The Daily Northwestern

The Daily Northwestern’s 2018 Diversity Report

Hang on for a minute...we're trying to find some more stories you might like.


Email This Story






For nearly 137 years, The Daily Northwestern has been the newspaper of record for Northwestern and Evanston. And for the vast majority of that time, we have not been representative of either of those communities.

It’s no secret that our newsroom’s lack of diversity has led — and continues to lead — to mistakes and poor reporting decisions. Just a few weeks ago, we mistook one woman of color in our coverage of an inequality panel for another woman completely uninvolved with the event. Last quarter, we misquoted a black man and, as a result, perpetuated harmful stereotypes about the black community. And there have been several instances in which we have incorrectly identified sources’ pronouns.

While historically, journalism has not accurately or fairly covered or represented people of marginalized identities, we can — and must — take concrete steps to better serve them.

Our job as a publication is to deliver information to the communities we cover. This means not only being aware of what is happening around us, but being representative of those communities ourselves.

We are ending our year of publication by releasing this report to acknowledge that this newsroom is, in fact, not representative of the area it covers. This is a way to reflect on a year — and a broader history — of inadequate coverage of marginalized communities and to commit to making this publication a more inclusive space as we head into the next academic year and beyond.

The survey

Moving forward, we intend to regularly produce a comprehensive report of this kind to hold ourselves accountable as a newsroom — a practice we acknowledge should have been put in place a long time ago. While we cannot change The Daily’s mistakes, we view this report as a first step in acknowledging our shortcomings and improving our practices.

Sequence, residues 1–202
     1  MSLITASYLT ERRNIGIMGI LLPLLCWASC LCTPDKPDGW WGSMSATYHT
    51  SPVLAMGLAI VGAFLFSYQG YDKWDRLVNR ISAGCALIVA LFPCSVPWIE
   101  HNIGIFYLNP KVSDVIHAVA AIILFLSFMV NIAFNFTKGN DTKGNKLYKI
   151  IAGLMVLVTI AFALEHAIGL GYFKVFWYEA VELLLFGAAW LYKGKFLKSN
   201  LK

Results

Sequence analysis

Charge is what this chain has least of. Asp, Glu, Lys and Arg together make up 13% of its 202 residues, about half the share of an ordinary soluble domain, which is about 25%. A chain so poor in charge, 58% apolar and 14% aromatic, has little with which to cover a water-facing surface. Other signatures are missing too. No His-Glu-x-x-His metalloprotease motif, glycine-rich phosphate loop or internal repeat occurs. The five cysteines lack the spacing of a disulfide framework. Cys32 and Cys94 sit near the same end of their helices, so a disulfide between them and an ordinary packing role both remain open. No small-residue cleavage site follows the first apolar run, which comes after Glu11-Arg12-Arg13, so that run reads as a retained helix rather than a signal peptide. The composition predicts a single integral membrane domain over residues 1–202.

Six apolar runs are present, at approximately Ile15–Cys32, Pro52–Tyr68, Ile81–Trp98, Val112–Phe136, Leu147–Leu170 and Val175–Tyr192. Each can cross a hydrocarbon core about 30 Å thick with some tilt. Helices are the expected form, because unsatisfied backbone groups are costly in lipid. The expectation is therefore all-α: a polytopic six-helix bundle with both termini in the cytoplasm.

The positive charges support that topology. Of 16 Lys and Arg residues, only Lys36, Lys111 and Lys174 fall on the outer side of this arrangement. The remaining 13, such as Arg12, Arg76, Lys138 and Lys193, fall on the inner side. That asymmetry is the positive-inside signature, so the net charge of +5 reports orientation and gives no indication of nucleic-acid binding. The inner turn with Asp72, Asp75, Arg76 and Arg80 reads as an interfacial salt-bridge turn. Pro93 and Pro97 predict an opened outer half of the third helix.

Several weeks ago, we circulated a diversity survey among our staff. For publication purposes, individual responses remain anonymous.

We received a 100 percent response rate from this quarter’s editorial board and 67 responses from this quarter’s staff, which includes the 26 editorial board members. We believe this survey gives us an accurate picture of diversity at The Daily.

The data

*Just for this graphic, data for Editorial Board and Staff Members are separate.

We polled race according to the corresponding question on the U.S. Census while adding separate options for East Asian or Pacific Islander, South Asian and mixed-race — identities that are often overlooked and oversimplified.

We compared our data with the University’s fall 2017 enrollment data to gauge how well our newsroom is representative of campus. It’s important to mention that even racial percentages at The Daily that align with NU’s data should not necessarily be considered acceptable, as NU itself is not racially diverse.

Our percentage of multiracial students on staff is mostly consistent with NU’s demographic data. Black and Hispanic/Latinx students are underrepresented on staff, and, for black students, that disparity increases within our editorial board.

East Asian and South Asian are not separate categories in the University data, which only lists “Asian American” as an option. As a result, we chose not to make direct comparisons between that data and ours. However, the combined percentage of South Asian and East Asian students on our staff approaches the approximately 17 percent of NU undergraduates who identify as Asian American. For the editorial board, that number is slightly less than NU’s.

Most importantly, both The Daily’s general staff and its editorial board are overwhelmingly white — disproportionately higher than the 46.9 percent of white students that make up NU’s undergraduate population. No respondents to our poll identified as Native American or as Middle Eastern/North African — which is not a category on the University’s survey.

The Daily has a greater percentage of women than men, while the NU undergraduate average is nearly an equal split. Transgender and non-binary representation across the newsroom is quite low.